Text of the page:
I probably quote Isaiah 55:8-9 as much as I quote any other passage of Scripture.
That passage says, “For my thoughts are not your thoughts, neither are your ways my ways, declares the Lord. For as the heavens are higher than the earth, so are my ways higher than your ways and my thoughts than your thoughts.”
What a comforting truth — God is not like us! He doesn’t worry like we do, he doesn’t get unjustly angry like we do and he doesn’t ever act selfishly. He has reasons for doing things that we can’t understand. He never does anything without a purpose, but he doesn’t always reveal those purposes to us, because we wouldn’t be able to fathom them, even if he did.
We don’t know why God allows the coronavirus or any other disease or natural disaster, at least not definitively, at least not in entirety. To say, “Well, God is doing this,” or, “God is doing that,” is a dangerous exercise in futility because the best you can do is speculate about what God might be doing at this exact time in the exact way he does it.
Even so, there are some biblical principles that are true and can be applied to any scenario at any time, so while we don’t have a complete answer, we can rest in the truths we do know.
First, we know God is in control of all things and that his will is always done. The Bible says, “Our God is in heaven; he does whatever pleases him” (Psalm 115:3) and, “Whatever the LORD pleases, he does, in heaven and on earth, in the seas and all deeps” (Psalm 136:5).
In talking about molding the hearts of man in Romans 9, God says he will show mercy to whomever he wills and will harden the hearts of whoever wills. He then asks who are we, as the creation, to question what he, the creator, does?
Some people struggle to understand how God’s will is always done when seeing the state of the world, but those two things are not at odds with one another. In “Mere Christianity,” C.S. Lewis explains this truth, saying, “Anyone who has ever been in authority knows how a thing can be in accordance with your will in one way and not in another.”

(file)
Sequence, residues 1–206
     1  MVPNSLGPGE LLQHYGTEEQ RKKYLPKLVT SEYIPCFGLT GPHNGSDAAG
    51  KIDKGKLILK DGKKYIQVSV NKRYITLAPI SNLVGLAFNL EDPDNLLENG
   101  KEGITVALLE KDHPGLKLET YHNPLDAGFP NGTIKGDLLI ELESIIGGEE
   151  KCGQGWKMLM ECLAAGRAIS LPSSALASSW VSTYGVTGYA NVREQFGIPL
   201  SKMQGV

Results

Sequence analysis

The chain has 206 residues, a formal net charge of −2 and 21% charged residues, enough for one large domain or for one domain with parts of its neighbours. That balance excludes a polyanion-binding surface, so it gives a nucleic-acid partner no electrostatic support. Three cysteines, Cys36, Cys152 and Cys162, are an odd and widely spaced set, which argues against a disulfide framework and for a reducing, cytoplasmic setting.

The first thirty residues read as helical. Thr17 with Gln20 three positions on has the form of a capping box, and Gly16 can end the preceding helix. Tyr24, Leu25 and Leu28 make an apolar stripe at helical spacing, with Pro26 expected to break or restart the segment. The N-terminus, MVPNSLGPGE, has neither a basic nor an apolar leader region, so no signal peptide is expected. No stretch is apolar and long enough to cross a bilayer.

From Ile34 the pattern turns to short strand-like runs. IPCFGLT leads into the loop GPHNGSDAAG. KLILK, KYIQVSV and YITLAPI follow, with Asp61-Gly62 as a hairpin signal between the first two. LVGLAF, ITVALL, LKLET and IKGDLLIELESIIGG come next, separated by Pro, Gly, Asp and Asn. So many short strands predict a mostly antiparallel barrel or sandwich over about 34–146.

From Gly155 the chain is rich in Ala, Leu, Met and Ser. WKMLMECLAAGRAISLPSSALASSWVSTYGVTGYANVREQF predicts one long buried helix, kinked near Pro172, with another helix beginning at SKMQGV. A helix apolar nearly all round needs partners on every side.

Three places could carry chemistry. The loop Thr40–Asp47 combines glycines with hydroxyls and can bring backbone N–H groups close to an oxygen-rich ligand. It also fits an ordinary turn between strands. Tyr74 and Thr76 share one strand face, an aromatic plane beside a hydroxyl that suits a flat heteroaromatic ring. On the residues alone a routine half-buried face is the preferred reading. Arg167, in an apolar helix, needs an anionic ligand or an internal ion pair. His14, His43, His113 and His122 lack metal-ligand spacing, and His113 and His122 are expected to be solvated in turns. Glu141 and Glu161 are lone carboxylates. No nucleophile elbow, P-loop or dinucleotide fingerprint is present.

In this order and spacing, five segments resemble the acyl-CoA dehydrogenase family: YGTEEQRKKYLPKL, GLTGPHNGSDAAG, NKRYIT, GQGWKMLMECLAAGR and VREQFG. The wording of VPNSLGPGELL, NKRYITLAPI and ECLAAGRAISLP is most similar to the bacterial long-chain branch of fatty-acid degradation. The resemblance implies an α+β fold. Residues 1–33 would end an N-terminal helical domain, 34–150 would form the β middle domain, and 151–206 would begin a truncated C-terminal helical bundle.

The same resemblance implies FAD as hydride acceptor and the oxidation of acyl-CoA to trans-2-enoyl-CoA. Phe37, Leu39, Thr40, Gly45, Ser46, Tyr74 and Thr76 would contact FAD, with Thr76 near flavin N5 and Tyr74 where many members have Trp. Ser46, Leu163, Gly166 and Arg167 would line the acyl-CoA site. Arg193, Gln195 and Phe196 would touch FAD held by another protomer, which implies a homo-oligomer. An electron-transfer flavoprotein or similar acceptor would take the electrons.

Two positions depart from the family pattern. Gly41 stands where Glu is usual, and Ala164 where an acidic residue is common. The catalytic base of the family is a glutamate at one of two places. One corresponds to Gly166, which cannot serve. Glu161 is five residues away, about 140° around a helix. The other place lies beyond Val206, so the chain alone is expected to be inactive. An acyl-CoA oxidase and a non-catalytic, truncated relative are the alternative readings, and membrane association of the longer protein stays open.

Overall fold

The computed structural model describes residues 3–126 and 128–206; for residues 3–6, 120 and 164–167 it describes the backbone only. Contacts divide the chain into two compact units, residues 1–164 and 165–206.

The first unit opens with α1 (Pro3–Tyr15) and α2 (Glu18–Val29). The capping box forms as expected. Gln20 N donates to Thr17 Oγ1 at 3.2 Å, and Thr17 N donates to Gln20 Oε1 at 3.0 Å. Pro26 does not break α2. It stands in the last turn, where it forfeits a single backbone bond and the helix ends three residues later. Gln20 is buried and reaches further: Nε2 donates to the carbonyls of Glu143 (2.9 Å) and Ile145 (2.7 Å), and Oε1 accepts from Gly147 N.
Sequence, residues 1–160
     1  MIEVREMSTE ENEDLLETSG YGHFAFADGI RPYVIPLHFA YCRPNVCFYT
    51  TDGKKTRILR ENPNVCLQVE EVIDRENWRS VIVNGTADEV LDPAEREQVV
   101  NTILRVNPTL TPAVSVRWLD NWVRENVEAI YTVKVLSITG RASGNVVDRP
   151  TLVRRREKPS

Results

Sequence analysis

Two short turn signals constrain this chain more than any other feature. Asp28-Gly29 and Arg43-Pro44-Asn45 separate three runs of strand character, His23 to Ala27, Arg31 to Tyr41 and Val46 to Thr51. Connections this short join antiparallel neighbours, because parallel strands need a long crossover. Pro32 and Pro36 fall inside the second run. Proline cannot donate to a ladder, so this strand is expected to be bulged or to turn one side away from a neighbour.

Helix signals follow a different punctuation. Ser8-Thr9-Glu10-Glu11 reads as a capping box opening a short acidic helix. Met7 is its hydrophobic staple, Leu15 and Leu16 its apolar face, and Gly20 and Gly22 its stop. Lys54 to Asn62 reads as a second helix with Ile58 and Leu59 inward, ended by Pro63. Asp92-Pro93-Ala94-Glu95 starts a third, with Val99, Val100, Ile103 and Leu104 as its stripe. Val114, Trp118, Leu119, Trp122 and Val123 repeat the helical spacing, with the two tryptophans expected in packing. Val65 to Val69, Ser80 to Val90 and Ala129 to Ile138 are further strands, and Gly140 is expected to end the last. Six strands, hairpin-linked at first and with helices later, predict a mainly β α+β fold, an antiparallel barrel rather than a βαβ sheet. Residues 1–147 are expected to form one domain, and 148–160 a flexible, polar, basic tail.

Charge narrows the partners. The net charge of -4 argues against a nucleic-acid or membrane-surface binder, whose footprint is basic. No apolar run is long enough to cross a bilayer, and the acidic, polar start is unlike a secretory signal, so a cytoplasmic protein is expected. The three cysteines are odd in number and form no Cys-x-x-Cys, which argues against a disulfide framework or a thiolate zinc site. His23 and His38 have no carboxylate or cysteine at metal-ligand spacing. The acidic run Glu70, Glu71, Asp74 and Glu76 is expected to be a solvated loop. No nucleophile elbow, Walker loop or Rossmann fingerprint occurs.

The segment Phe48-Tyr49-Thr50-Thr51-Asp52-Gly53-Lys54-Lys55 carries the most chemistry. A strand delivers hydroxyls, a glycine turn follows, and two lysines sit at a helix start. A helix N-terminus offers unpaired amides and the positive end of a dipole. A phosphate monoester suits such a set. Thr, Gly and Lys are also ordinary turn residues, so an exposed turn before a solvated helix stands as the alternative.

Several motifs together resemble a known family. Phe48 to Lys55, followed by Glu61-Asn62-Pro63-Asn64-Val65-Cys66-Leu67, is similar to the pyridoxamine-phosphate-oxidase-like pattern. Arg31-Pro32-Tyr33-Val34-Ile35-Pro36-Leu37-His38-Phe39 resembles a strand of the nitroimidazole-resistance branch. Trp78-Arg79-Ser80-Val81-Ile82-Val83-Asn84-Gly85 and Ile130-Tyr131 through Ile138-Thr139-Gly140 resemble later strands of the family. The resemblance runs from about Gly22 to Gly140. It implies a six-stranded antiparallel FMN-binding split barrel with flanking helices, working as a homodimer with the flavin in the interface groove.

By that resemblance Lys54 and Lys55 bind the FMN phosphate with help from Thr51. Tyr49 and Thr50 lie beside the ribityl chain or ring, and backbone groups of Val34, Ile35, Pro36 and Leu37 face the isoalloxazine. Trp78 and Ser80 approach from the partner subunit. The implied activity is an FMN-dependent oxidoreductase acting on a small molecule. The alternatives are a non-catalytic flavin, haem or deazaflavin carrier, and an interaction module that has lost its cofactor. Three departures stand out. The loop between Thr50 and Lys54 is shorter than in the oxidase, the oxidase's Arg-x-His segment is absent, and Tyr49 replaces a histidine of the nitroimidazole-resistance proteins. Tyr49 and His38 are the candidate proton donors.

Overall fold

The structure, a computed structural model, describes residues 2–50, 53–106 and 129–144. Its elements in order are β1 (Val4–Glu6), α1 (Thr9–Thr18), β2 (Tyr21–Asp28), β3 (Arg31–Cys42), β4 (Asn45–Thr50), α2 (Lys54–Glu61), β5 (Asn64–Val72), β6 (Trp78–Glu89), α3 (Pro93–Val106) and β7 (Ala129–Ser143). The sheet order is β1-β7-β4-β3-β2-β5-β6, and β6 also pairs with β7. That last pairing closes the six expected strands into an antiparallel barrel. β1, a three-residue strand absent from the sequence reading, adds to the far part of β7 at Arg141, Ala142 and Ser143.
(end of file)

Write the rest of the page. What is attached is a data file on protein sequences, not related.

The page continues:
He then gives example of a mother who tells her children that they must clean their rooms every night (her will), only to find each morning that they have failed to do so (against her will). Although she would rather the children be neat and tidy, she chooses to allow them do as they please anyway. In this instance, the mother’s will is ultimately done (her will that the children choose freely for themselves) even though at the same time the children act against her will (that they keep their rooms clean).
Second, we know God is always good. James 1:17 says, “Every good gift and every perfect gift is from above, coming down from the Father of lights ...” Psalm 84:11 says, “For the Lord God is a sun and shield; the Lord bestows favor and honor. No good thing does he withhold from those who walk uprightly.”
Furthermore, all of his purposes are for good. Romans 8:28 famously teaches us, “…we know that for those who love God all things work together for good, for those who are called according to his purpose.” In other words, what God sovereignly allows is always good, or always works for good, according to his purposes.
Third, we look back at Isaiah 55:8-9. Since God is sovereign and always good and his ways and thoughts are way above ours, we can conclude that God does things all the time or allows things all the time that are beyond us to understand, but are still part of his will and in accordance with his goodness.
Might he be allowing some of his children to get sick in order to cause them to trust him more deeply? Yes. At the same time, might he be judging some who arrogantly rebel against him in sinful disobedience? Yes. Might he be giving the church a great open door for evangelism during a national crisis? Yes. Do we know he’s doing all of these things. No, but we do know that whatever he’s doing is for a perfect purpose, and we can trust him as he does it.
Really, what else do we need to know?